Introducing the brain: it anticipates senses (Introduction)

by David Turell @, Monday, May 13, 2019, 19:50 (12 days ago) @ dhw

When you anticipate a certain taste, you may be surprised at what happens:

"Imagine picking up a glass of what you think is apple juice, only to take a sip and discover that it’s actually ginger ale. Even though you usually love the soda, this time it tastes terrible. That’s because context and internal states, including expectation, influence how all animals perceive and process sensory information, explained Alfredo Fontanini, a neurobiologist at Stony Brook University in New York. In this case, anticipating the wrong stimulus leads to a surprise, and a negative response.


"Years ago, Fontanini and his team found direct neural evidence of this speedup effect in the gustatory cortex, the part of the brain responsible for taste perception. Since then, they have been trying to pin down the structure of the cortical circuitry that made their results possible. Now they have. Last month, they published their findings in Nature Neuroscience: a model of a network with a specific kind of architecture that not only provides new insights into how expectation works, but also delves into broader questions about how scientists should think about perception more generally. Moreover, it falls in step with a theory of decision making that suggests the brain really does leap to conclusions, rather than building up to them.


" Currently, neuroscientists are debating how taste gets processed: Some argue that certain neurons might encode “sweet” and others “salty,” creating very specific neural signatures for specific tastes. Others tie it to broader patterns of activity; most neurons respond to most tastes, and a given neural signature is more roughly correlated with one taste over another. The work done by Fontanini and his colleagues supports the latter theory while providing predictions about what that connectivity should look like. The clusters alone “capture many, many features of the gustatory cortex,” Fontanini said: “the spontaneous activity, the patterns of response to taste, the expectation effect.”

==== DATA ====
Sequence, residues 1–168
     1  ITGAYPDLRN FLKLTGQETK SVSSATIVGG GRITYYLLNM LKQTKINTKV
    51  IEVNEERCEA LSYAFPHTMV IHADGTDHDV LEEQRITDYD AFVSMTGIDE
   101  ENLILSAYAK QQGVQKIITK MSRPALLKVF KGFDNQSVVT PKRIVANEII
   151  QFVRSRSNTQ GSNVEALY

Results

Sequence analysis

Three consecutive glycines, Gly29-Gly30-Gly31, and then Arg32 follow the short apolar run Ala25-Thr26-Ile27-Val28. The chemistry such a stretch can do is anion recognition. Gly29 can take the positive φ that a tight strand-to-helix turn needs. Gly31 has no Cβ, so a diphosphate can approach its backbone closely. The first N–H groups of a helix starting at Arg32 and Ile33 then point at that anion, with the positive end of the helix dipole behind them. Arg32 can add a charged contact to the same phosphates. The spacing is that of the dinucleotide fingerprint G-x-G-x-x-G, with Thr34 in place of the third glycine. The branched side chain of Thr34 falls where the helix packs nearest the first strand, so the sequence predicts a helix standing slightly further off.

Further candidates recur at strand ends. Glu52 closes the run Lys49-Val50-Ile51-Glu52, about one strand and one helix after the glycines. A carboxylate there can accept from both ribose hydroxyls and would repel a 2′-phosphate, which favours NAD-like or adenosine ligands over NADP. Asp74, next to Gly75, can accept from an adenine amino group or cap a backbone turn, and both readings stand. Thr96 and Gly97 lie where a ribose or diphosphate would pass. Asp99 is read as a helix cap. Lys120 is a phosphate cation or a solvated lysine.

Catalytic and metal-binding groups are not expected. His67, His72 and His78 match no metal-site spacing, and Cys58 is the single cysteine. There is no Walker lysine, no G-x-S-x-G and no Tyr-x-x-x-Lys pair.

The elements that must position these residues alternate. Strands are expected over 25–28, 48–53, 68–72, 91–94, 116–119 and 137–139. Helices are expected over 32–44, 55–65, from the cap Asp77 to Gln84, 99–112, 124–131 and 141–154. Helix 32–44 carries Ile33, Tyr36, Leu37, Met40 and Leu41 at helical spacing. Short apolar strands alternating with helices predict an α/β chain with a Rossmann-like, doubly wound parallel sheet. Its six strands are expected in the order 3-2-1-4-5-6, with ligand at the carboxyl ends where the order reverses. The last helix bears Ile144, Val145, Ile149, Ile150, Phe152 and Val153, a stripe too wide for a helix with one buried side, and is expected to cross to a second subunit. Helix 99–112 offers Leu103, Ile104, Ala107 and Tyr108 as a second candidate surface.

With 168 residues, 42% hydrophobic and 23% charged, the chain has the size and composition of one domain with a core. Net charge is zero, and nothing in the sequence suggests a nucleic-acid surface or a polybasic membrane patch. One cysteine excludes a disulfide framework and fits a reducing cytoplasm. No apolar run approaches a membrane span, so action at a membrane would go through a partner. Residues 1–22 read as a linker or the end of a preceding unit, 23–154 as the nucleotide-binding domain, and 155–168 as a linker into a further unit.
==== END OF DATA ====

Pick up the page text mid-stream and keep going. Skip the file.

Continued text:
"The way experts think about basic sensory perception tends toward the hierarchical: The cortex builds up and integrates features to form perceptions, sending signals to other layers of the network that integrate still more information until the brain ultimately arrives at a decision or behavior.

"Not so in this new work. Instead, the team’s results support a different kind of processing in which “all of this happens at the same time, and … before the stimulus even arrives,” said Leslie Kay, a neuroscientist at the University of Chicago who focuses on olfaction. “You learn stuff within a cortical area,” forming a system of connected clusters to reflect that learning, “and then you influence it [with expectation], and what it knows emerges.”


"It also highlights the need to move away from focusing on single neurons that respond to particular cues, and toward making internal states and dynamics more explicit in our understanding of sensory networks — even for the most basic sensory stimuli. “It’s much easier to say that a neuron increases its firing rate,” said Anan Moran, a neurobiologist at Tel Aviv University in Israel. But to understand how organisms work, “you cannot account only for the stimulus, but also for the internal state,” he added. “And this means that our previous [understanding of] the mechanism used by the brain to achieve perception and action and so on needs to be reevaluated.”

“'The stuff going on in the gustatory cortex before the stimulus arrives is a large part of how that stimulus gets processed when it gets there,” Katz said. And in this case, examining how those internal states get modified by an experience or cue revealed something about the overall network connectivity."

Comment: This does not show that the brain is in charge of us. It shows that the brain sets up networks to help us by anticipating the next step in the sensory process. This is built into the brain's designed activity.

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